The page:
A couple of days ago I read that DOOM’s sales have surpassed 500,000 on PC alone. The numbers on consoles haven’t been released yet, but I imagine they’re huge as well. So why is DOOM so successful? I mean, it’s a great game, but there has to be more to it than that. I think it’s because it fills a niche in gaming that hasn’t been explored in years, at least not like this. DOOM simply scratches an itch that we didn’t realize we had, and it feels oh-so-good.
For the last maybe ten years or so, we’ve watched as the first person shooter genre has become more and more samey as big companies realized that there was a certain formula to making money. They realized that if they made you feel really good at the game, then you would want to play it more. And so they started to dumb it down a bit, shortening the skill gap between skilled players and casual players in small increments with each release.
At this point you’re probably rolling your eyes and assuming I’m a hater. I’m obviously talking about Call of Duty here pretty specifically. A hater I am not, however. Call of Duty is a great franchise, and it definitely has its place in the gaming world. People clearly want to play it; the numbers in sales with each title speak for themselves. But with each iteration in the franchise it becomes clear that they are forgoing innovation and risk-taking in favor of churning out sequels that provide new content without rocking the boat. This becomes a bigger problem when other developers see the success Call of Duty has and begin to try to emulate it. We have seen shades of CoD (loadouts, cover-based shooting, regenerating health) seep into many of our beloved franchises lately in ways that begin to betray what the game was all about.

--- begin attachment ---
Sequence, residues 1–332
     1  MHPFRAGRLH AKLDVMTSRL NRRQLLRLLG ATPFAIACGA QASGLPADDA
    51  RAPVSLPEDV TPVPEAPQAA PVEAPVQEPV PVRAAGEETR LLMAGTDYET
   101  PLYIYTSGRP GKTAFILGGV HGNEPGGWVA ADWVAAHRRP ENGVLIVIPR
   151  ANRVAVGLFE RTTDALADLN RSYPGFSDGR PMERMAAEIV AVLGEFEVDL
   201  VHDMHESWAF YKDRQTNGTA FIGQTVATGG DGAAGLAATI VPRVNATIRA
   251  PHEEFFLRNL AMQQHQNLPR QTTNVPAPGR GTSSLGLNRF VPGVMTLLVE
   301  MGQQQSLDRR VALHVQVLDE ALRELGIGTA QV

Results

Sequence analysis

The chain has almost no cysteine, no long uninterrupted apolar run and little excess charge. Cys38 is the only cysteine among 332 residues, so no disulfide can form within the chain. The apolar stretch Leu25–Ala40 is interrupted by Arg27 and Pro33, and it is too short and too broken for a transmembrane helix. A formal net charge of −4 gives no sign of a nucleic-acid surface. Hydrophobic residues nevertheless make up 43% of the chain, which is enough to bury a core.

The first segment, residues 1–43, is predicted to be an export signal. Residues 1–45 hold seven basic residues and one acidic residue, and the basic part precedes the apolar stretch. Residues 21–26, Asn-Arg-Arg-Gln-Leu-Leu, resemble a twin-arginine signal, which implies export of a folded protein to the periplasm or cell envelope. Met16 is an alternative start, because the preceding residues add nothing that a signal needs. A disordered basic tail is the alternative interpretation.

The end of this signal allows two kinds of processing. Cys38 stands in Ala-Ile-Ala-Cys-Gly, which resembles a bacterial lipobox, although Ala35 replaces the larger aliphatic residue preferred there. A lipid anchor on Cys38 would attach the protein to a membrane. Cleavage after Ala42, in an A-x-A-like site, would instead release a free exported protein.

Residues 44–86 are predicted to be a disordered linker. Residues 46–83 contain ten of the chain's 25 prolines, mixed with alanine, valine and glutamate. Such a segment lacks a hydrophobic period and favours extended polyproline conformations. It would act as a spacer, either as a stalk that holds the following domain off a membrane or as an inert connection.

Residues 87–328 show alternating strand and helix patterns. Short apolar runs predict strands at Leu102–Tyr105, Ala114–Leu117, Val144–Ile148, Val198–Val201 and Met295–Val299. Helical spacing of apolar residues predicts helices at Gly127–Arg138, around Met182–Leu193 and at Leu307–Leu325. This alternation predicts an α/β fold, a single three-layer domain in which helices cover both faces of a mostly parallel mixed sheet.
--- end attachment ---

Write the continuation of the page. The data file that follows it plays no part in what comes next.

And that’s where DOOM comes in. DOOM takes risks. DOOM doesn’t hold your hand. It is relentless. It doesn’t let you take cover; the enemies will hunt you down and flush you out. It doesn’t regenerate your health; you have to find your health or literally rip it from your foes. In DOOM you move fast, and you have to keep moving or else become like one of the many demons you have torn, smashed and stomped through. You are encouraged, sometimes even forced, to use your entire arsenal, and every gun is at your fingertips constantly. It’s a game that favors pure fun gameplay over making anything remotely realistic, and that willingness to take such a huge risk in today’s climate is what makes the game so remarkable. In a world where big-budget gaming takes almost no risks, in a genre that has seen little-to-no innovation for years, DOOM is like a hellish breath of fresh air.
What’s interesting is that DOOM was originally a much different game. The first version of this iteration of DOOM was something very Call of Duty-like, with brown environments on a near-future earth and some generic marine main-character with voiced dialogue. It took itself very seriously. They got nearly three years into development and took a hard look at their game, deciding that it wasn’t really a DOOM game, and completely started over. It meant we had to wait nearly ten years for a new DOOM game, but the wait was worth it, because what we got was a game worthy of the legacy of its forefathers. The interesting thing is you can see elements of the CoD influence in the mediocre multplayer of DOOM. It has loadouts, not letting you use all of your arsenal. It takes away a lot of the freedom and doesn’t embrace what makes the singleplayer campaign so awesome, and suffers for it.
DOOM’s singleplayer works because it is a phenomenal take on something that was great to begin with. The first DOOM still plays great today, and it paved the way for what the modern shooter has become. Each game has something great that it brought to the table in its heyday. Diversity is important. Homogenization can only hurt each franchise, and the consumer as well. Developers need to take more risks, to let Call of Duty be Call of Duty, Halo be Halo, and DOOM be DOOM.
And that is why it succeeds.